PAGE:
Is aquaponics difficult to learn?
No, it's easy. Of course, you will need to do some studying to understand the process. There has been a lot of research done over the past 25 years. You can locate published papers and helpful articles on our resources page. There are also several successful farms in operation. Many farms offer public or private tours and most farmers are willing to share their knowledge. Overall, planting and harvesting the vegetables is the majority of the work involved.
What do I need to know?
First of all, the fish and the vegetables are equally important. Although the fish are the star attraction of an aquaponic system, they would not produce a profit unless combined with income from the vegetables. The fish are responsible for much of the operating costs including, fish food, electricity for aeration and labor for feeding, breeding and harvesting. The initial start-up cost will vary a lot depending on the size and purpose for your system. From a commercial perspective, you should research accurate numbers from farms in your area (or one with similar weather conditions). One reason for this is water temperature in certain climates. The temperature will need to be controlled. Many factors come in to play here such as, the species of fish you plan to raise and their rate of reproduction. From an ametuer prospective, just have fun and see our aquaponic tips page.
Can I use pigs, chickens or rabbits in conjunction with my aquaponics system?
No. The problem with this is E.Coli. Warm blooded animals carry a deadly form of this bacteria. Although E.Coli is everywhere, fish are cold blooded and can not transmit E. coli to humans. The only way to safely incorporate these animals is seperately using dirt farming.
How often must I change the water in the system and when do I need to sterilize it?
Never. This question usually comes from people who have hydroponic experience. The water used in hydroponic systems must be changed frequently. Aquaponic systems have an amazing amount of stability. When nutrient levels and pH levels change, they change slowly and over a few days or weeks. When these changes occur, they are easy to correct.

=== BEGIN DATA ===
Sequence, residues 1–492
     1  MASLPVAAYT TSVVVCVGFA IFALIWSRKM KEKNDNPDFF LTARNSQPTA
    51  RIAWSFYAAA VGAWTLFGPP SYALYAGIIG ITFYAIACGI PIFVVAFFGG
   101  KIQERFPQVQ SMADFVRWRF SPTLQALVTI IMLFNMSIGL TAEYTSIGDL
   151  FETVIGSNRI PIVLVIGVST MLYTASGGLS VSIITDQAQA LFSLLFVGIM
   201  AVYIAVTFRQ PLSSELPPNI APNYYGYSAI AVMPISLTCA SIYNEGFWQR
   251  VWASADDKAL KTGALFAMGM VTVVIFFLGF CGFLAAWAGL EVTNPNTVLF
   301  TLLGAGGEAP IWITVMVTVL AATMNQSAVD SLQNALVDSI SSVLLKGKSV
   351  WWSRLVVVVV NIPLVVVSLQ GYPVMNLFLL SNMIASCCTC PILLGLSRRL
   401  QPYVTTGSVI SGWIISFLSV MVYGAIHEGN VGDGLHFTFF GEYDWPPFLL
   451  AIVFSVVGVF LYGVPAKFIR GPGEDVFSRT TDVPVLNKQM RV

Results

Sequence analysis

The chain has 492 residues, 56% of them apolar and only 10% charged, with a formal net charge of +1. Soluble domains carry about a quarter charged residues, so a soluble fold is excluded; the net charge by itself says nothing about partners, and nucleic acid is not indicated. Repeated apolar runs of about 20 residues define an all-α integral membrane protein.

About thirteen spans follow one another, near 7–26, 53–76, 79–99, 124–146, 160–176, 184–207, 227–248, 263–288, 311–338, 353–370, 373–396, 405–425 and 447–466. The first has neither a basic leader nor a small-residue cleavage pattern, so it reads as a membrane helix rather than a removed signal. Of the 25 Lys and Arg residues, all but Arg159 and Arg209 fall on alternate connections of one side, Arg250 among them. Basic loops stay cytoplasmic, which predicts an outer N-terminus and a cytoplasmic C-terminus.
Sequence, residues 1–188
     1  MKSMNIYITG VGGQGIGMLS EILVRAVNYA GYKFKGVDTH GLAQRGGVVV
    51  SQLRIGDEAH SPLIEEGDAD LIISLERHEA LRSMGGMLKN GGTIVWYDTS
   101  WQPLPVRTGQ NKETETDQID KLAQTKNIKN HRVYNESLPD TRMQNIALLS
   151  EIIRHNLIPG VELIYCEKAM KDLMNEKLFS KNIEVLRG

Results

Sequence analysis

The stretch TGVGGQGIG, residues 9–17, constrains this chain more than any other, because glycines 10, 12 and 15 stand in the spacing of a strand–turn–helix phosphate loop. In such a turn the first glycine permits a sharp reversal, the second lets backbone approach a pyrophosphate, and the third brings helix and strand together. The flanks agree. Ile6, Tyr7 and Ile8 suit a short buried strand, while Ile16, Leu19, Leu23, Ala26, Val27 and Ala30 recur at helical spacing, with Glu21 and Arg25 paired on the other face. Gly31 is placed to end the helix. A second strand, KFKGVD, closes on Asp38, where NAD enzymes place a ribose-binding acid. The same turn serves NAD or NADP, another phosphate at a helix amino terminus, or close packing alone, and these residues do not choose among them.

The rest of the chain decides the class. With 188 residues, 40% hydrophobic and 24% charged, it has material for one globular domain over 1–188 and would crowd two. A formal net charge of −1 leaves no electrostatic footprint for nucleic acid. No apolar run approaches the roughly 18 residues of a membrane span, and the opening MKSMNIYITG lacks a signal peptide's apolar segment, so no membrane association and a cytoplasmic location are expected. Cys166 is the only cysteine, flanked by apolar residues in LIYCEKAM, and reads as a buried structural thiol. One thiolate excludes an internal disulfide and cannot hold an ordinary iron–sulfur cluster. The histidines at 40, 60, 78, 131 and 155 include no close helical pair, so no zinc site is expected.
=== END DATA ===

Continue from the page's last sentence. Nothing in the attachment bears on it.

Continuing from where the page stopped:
Where do I get fish and do I get them from the hatchery to my location?
We recommend starting off with koi or catfish because they are inexpensive and easy to get. Make sure they are close to the same size so that at the smaller ones are not the larger eaten by the larger ones. Some climates are not suitable for Tilapia. There are however many types of fish that grow quickly and can handle the water quality of an aquaponics system. These species include: yellow perch, trout and Koi. It's a good idea to check your local University if it has an aquaculture department. They may be able to provide a list of businesses that sell fingerlings. The fish can be transported in plastic totes or garbage cans. They will need air. You can use 12-volt bait-bucket bubblers, insert the tubing through a small hole in lid. Make sure the airstones are sunk to the bottom. Then you're on your way. It is a good idea to secure the lids with tape and remember: do not use chlorinated water!
What do I do in a cold climate?
Construct a greenhouse or move indoors. There are many spaces that can accomodate indoor aquaponics.
- Seth Geddes
Owner, Beneficial Living Center and Garden Supplies
"I attended an Aquaponics class last year at the BLC and am looking forward to an amazing new way of becoming sustainable. I am very impressed with Nick and Keri's knowledge and willingness to share information. I recommend taking their class even if you are a traditional backyard gardener to see how you can grow more with less space, resources and incorporate proteins for complete nutrition."
- Alicia Sidebottom